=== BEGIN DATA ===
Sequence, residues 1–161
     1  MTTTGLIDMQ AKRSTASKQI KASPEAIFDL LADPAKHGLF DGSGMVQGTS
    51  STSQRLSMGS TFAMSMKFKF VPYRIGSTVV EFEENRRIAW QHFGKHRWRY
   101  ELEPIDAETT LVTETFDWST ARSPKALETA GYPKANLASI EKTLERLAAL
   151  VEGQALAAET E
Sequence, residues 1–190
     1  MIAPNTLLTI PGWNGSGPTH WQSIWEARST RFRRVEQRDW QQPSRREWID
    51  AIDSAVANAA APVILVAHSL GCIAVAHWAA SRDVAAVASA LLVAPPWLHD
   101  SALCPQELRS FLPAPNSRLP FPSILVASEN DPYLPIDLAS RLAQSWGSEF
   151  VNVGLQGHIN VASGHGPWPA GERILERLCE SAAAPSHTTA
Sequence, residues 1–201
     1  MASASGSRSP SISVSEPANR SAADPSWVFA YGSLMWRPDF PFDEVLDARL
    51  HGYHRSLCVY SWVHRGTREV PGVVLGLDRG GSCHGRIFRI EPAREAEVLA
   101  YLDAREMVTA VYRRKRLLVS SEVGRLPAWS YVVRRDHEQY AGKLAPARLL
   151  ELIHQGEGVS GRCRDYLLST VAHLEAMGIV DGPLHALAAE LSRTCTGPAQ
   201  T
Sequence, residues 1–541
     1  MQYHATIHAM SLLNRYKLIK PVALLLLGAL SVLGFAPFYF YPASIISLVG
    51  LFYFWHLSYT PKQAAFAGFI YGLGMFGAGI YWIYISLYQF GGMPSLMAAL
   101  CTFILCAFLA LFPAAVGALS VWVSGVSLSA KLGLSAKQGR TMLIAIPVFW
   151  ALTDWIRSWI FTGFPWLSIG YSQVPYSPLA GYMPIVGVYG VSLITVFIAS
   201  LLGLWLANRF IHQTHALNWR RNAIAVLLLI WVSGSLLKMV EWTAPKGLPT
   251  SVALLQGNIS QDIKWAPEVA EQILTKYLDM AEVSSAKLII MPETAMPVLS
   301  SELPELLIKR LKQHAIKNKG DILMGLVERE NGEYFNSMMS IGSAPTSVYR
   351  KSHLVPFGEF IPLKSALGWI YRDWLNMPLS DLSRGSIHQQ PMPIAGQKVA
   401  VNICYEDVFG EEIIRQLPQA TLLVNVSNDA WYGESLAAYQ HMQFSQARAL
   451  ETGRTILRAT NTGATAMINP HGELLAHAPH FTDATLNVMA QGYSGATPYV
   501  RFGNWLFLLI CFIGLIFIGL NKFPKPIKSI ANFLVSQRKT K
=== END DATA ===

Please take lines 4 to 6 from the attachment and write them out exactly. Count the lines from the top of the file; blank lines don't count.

   101  ELEPIDAETT LVTETFDWST ARSPKALETA GYPKANLASI EKTLERLAAL
   151  VEGQALAAET E
Sequence, residues 1–190